One of the most common questions people have about their own home is, What style is it? This isn’t always an easy question to answer. “Style” is an elusive term, since it can be applied to many distinct things, and fashion is often an amalgamation of unique capabilities. But most houses have a link to an established fashion of architecture, characterized by the total form of the structure and/or its own details. Also, it ought to be taken into account that lots of structures are made purely out of necessity with little regard to design aesthetic, and are deemed to have a folk or vernacular style.
It may be stated that a fashion is a definition after the fact rather than during or before. To tag a unique construction as it is being designed makes little sense. Time will tell if it holds up to replication and garners a subsequent, thereby establishing a fad. However, by far most houses have a suspended identity which has evolved to adapt to present living standards.
Designs and styles of home layout once were regional and changed gradually over time. Construction techniques were ordered by the ability of local tradesmen, and materials came from local sources or were given far beforehand and anticipated. Beginning with the construction boom after World War II, modern construction practices fully changed how and what we built.
The Disneyland effect took hold. Layout was motivated by faraway places, and materials could be sent by truck or truck and even flown to virtually any location in the developed world. From the luxury of choice developed a few persistent fashions, which can be pressing in the most recent century with fantastic affection. Here you can view five home styles which have roots in the past yet are ardently 21st-century dwellings having a strong sense of place and character.
1. French diverse. Considered to be suspended in Renaissance classical design rather than ancient classical design, French eclectic style can be symmetrical, as with the home shown here, or asymmetrical. This particular house also has the impression of a chateau with its usage of stone, as well as Beaux-Arts architecture with the thorough articulation of the facade. There is even a hint of Greek revival with its centered, gabled pediment. Though classical design is practically absent in contemporary business construction, it shows no signs of giving up in the national arena.
2. Shingle. With some reference to classical detailing, the shingle style started to look under the Victorian tradition of design in the late 19th century. It ironically stems from medieval structure — which is, the span of construction between the end of ancient classical and the beginning of Renaissance classical. First shingle was a style before its time; shingle designs emphasized a more open floor plan, a characteristic so common today. With this home there are also components of pole style (notice the gable over the entrance porch) and Tudor (notice the steep roof formations and varying window shapes). Shingle style is now very common in the southeastern United States but may also be found in all areas of the nation.
Studio 1 Architects
3. Prairie. Though accurate examples of the style are rare outside the Midwest, and though it had been only temporarily popular (1900 to 1920), it had a profound effect on vernacular suburban structure for the rest of the 20th century. The long, low, horizontal lines and heavy eaves together with hipped roofs can be found all over the United States in the more comfortable ranch style. It’s also uniquely an American creation and is considered a part of contemporary design and, more especially, stems in the Arts and Crafts movement. As may be seen in this example, the detailing can be quite complicated and complex.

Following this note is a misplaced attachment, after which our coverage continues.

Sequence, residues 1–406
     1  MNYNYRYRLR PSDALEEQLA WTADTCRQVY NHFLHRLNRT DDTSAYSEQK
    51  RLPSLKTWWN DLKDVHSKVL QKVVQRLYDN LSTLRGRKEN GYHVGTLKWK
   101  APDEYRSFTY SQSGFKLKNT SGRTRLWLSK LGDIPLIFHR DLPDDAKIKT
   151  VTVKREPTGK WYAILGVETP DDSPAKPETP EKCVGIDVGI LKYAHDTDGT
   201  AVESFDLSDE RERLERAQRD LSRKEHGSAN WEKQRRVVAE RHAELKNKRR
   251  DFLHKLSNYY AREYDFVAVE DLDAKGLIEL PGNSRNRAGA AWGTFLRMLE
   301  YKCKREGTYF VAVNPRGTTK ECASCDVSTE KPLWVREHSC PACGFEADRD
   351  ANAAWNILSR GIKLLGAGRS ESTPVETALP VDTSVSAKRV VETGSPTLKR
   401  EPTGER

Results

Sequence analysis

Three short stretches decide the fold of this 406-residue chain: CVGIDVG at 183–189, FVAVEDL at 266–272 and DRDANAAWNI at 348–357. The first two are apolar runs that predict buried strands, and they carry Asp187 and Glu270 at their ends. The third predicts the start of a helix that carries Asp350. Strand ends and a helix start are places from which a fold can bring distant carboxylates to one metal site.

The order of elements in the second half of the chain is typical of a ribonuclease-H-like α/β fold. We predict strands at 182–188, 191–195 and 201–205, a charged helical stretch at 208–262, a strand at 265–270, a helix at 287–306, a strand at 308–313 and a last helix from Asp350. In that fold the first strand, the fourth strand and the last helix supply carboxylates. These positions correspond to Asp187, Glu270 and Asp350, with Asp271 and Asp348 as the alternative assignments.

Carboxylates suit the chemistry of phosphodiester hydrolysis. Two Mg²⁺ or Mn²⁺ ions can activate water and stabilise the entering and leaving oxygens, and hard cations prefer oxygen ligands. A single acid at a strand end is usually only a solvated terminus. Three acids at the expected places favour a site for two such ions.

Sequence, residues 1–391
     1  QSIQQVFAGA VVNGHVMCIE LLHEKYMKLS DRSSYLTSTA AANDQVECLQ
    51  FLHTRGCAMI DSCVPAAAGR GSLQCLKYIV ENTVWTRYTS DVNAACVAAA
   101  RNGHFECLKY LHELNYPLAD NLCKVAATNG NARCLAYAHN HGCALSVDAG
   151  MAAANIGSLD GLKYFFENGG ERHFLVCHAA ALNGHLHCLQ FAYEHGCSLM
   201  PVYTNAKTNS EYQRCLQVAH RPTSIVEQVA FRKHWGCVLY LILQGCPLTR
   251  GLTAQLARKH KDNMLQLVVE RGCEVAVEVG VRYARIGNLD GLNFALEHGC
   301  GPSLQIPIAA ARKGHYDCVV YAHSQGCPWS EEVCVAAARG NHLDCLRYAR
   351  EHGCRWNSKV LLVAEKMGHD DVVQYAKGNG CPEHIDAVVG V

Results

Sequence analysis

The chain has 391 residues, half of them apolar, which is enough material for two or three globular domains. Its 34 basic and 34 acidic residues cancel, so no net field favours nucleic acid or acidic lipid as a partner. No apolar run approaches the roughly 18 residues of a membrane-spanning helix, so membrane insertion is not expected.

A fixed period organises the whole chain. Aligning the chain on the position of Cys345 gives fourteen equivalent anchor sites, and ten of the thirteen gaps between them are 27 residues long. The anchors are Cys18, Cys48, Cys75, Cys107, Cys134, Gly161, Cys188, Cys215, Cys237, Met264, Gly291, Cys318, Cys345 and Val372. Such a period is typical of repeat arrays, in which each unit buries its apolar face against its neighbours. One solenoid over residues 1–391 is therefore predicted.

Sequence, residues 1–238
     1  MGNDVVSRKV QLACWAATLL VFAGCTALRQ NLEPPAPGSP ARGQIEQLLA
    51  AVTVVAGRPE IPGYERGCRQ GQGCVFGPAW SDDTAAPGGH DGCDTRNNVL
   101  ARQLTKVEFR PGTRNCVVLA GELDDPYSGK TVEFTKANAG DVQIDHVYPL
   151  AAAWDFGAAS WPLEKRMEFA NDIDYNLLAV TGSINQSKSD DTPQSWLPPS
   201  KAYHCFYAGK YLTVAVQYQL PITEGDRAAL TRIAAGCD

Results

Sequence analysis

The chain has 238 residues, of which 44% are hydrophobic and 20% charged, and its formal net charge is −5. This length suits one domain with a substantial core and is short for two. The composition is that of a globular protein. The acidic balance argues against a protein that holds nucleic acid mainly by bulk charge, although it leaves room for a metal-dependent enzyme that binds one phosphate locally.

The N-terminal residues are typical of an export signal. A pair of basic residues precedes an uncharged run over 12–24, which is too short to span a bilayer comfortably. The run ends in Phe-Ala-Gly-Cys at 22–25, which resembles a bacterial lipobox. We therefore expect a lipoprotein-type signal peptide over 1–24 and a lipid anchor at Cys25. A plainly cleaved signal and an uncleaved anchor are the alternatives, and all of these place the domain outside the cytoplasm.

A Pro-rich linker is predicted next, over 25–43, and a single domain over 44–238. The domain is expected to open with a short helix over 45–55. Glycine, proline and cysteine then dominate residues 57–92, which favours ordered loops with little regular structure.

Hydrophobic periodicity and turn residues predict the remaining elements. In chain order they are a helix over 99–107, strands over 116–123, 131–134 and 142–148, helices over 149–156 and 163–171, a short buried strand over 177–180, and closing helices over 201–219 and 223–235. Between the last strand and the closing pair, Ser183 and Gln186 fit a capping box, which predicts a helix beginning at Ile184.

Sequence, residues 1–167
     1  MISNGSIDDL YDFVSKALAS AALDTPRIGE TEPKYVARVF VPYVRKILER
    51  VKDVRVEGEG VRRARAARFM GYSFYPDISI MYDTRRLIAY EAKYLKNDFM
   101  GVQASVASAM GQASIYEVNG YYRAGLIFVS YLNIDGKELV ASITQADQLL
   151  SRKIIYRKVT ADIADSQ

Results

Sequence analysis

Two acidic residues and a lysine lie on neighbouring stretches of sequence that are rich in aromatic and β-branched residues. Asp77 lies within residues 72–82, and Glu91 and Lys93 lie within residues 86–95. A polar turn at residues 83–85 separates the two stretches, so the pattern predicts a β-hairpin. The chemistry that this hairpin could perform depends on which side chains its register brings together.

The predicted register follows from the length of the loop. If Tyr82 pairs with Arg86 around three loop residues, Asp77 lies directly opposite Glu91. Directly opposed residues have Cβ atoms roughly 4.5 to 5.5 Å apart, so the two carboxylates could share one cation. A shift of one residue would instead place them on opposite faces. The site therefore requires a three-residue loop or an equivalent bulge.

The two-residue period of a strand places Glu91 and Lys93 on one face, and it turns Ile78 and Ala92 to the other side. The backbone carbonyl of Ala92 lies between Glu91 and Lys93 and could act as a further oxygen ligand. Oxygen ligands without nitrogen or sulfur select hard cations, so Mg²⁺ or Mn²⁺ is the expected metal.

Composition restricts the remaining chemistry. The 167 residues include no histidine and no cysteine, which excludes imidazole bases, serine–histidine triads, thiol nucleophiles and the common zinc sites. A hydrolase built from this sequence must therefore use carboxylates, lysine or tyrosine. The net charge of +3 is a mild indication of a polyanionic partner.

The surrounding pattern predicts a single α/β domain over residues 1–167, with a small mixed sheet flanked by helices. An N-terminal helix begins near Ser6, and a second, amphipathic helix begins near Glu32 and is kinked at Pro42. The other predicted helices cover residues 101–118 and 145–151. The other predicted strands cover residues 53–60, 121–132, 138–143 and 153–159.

Rockefeller Partners Architects
4. California modern. This coastal California design alludes to midcentury style together with vernacular modernism, hence its designation as modern; it also exhibits now popular materials and construction techniques. A powerful affection for midcentury modern structure, especially nationally, resurfaced in the turn of the 21st century.
Initial examples date back to the 1930s, but the Case Study program in Southern California and developer Joseph Eichler in Northern California place the country on a path of exactly what most labeled, in the time, modern. Many houses were constructed with this sway until a change of taste in the 1980s led fashion back to historic revivals as well as postmodernism, although the latter was uncommon in residential architecture. A strong connection between indoor and outdoor spaces is evident in this example, together with walls of glass and the use of hot materials.
AR Design Studio Ltd
5. International. This fashion is somewhat rare in the United States but may also be found in many places around the planet, like this example in the United Kingdom. Produced in the work of architects like Mies van der Rohe and Le Corbusier before World War II, this style fell out of favor after the war in Europe but concurrently closely influenced the aforementioned midcentury modernism in the United States.
Structural transparency is located in the heart of the style, which may readily be identified by horizontal roofs, walls of glass and long airplanes of strong walls punctuated with openings. Together with the home displayed, the landscape is characterized by the expansion of primary wall components, while the upper level seems to float above the setting. Minimalism marks its identity, but closer inspection of those masterpieces often reveals complicated, thoughtful and careful detailing.
Next: Meet Your Conventional House’s Classical Ancestors